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A Guide to Picking An Attorney
In our modern society, legal issues arise practically every day. Given this fact, you need to know how to pick an attorney for your situation.
A Guide to Picking An Attorney
If you live in America, you are going to run into some type of a legal issue that must be addressed. Hopefully, the issue is something minor such as dealing with home purchase, but there will be many situations in which it is wise to retain an attorney. The question for most people, however, is how to pick an attorney from the thousands available? There are a number of important issues to consider when picking an attorney. Two, however, are the most important.
The first thing to focus on is finding an attorney that practices in the area you are having an issue. This may sound obvious, but many people make this mistake. If you have an issue involving problems with the sale of your home, you want to pick an attorney that focuses his or her practice entirely on real estate. Picking a business attorney or general practice attorney is a poor choice because they do not know the ins and outs of the area of law. Each area of law is complex. New case rulings are issued daily, so keeping up on breaking developments requires an attorney to really just focus on one area of law.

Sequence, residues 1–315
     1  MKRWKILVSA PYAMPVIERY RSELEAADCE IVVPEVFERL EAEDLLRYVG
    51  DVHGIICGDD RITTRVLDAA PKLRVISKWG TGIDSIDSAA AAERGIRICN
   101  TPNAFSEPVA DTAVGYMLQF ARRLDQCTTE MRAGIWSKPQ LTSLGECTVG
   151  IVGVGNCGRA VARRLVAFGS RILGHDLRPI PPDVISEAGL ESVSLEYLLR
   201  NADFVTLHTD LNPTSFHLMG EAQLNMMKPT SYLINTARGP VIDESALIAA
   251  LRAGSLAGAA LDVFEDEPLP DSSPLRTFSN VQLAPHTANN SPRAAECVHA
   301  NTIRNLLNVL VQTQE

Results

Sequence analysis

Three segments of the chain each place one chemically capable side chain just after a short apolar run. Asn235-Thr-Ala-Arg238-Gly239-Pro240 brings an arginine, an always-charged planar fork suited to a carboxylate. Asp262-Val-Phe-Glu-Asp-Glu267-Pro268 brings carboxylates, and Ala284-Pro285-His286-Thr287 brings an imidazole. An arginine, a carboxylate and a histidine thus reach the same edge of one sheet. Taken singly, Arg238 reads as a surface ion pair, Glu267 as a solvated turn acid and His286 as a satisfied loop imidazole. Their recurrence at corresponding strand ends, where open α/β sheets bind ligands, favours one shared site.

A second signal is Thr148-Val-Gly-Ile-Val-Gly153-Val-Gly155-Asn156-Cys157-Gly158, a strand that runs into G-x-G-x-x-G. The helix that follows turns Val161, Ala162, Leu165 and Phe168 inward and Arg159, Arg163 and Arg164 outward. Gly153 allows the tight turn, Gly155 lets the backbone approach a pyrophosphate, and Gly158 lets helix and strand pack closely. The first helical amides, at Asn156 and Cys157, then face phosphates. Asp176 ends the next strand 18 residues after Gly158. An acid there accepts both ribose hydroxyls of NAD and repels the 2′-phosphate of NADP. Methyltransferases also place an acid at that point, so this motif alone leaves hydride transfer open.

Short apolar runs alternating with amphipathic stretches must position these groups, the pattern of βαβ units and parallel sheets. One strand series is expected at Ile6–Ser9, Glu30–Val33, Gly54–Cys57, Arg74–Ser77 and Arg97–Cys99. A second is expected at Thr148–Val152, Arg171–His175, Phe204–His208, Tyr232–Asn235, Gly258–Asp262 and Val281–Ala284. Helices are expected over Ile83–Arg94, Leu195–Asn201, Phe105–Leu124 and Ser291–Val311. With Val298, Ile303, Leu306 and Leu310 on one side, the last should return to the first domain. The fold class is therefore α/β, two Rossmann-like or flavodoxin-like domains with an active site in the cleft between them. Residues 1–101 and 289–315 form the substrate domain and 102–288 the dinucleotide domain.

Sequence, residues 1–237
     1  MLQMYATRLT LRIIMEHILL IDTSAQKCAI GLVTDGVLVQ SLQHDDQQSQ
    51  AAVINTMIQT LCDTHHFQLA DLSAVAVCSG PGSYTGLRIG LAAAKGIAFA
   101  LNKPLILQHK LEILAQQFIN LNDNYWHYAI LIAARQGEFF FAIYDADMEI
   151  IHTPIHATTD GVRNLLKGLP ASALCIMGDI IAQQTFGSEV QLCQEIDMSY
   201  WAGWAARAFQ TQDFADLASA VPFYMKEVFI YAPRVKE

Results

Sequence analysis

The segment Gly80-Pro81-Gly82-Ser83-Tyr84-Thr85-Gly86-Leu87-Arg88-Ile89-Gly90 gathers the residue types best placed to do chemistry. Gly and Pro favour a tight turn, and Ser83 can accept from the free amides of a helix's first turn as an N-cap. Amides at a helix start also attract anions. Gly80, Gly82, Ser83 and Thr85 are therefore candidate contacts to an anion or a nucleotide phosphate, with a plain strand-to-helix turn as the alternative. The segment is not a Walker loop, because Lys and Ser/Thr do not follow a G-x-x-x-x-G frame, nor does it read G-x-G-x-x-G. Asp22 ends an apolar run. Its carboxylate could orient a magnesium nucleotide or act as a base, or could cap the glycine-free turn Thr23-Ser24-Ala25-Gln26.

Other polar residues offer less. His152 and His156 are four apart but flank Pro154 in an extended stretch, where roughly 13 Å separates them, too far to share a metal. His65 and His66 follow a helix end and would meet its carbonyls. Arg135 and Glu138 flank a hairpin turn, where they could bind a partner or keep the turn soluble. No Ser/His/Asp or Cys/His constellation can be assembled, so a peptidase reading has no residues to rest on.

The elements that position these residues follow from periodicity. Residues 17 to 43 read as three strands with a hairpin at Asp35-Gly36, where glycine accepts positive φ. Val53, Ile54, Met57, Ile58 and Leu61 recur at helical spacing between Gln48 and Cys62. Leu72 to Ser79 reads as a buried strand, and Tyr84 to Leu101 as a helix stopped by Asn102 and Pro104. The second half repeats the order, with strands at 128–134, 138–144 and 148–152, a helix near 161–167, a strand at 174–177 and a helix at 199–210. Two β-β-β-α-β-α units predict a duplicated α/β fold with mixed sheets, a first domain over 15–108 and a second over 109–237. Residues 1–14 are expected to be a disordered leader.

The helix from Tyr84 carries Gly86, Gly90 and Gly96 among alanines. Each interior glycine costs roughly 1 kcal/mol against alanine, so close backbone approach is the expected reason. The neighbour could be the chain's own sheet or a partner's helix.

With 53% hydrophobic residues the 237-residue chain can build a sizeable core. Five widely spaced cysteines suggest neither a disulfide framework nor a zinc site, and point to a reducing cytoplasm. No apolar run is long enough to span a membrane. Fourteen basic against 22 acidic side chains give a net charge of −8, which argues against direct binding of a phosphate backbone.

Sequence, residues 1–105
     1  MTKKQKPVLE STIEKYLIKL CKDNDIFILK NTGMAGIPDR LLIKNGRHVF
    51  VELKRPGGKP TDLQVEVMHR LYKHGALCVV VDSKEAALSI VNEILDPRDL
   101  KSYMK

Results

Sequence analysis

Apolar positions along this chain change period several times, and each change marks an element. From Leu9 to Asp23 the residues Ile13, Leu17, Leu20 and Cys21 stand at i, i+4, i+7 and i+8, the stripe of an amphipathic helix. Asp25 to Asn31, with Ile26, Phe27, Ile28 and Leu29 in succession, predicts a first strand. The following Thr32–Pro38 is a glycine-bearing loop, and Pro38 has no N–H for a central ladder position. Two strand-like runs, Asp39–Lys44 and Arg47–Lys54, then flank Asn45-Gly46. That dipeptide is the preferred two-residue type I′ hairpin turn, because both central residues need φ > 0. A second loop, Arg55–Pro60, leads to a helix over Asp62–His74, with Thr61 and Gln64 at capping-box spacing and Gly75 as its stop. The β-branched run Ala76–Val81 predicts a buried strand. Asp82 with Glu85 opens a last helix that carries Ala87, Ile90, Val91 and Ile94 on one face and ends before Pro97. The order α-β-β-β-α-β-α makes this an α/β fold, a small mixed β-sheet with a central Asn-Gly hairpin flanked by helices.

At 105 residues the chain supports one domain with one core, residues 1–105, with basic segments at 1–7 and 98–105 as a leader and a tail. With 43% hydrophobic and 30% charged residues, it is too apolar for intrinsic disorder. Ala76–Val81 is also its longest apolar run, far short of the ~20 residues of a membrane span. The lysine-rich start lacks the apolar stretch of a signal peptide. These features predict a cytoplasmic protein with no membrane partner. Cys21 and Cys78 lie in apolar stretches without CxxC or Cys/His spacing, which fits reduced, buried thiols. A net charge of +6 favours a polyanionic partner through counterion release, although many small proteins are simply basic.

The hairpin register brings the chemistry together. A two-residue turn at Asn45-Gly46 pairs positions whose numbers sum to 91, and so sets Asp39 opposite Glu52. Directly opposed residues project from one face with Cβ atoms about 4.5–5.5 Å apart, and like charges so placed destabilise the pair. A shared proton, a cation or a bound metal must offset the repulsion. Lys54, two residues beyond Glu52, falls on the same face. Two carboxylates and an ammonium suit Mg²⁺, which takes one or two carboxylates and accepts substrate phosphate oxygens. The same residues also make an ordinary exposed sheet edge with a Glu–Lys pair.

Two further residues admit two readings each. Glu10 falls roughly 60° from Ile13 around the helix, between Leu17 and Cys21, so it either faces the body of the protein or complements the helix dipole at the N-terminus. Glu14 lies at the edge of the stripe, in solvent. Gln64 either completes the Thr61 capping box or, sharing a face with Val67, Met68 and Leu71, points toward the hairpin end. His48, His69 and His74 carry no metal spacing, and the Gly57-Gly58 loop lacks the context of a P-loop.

The second issue is experience. You want an attorney with plenty of it. Why? An attorney with a lot of experience in a particular field has a reputation. In handling a legal matter, attorneys always evaluate the lawyer on the other side. If you have an experienced attorney, your opponent knows it is going to be a rough case and will be more likely to give you the result you want. This reputation and experience issue also extends to the court room where judges give more experienced lawyers the benefit of the doubt.
When it comes time to picking an attorney, you want to speak with at least three. The initial consultation should always be free. During the consultation, ask the attorney how long they have been practicing, if they have ever had a complaint registered with the bar association [regulates attorney licensing] against them, and if they have ever handled a case such as yours and the result.
On the practical side, ask them who in the office will work on your case. Many people are surprised to learn that the attorney they retain will actually have paralegals, law clerks and associates doing much of the grunt work on legal issues. This leads to problems when a client wants to talk to the senior attorney, but primarily receives communications from the associate [junior attorney] or paralegal. In short, ask the attorney how the case will be handled within the office and make sure you are comfortable with the answer. If you are not, move on.
The issue of how to pick an attorney is a common one. When in doubt, look for expertise, experience and a comfortable communication situation.
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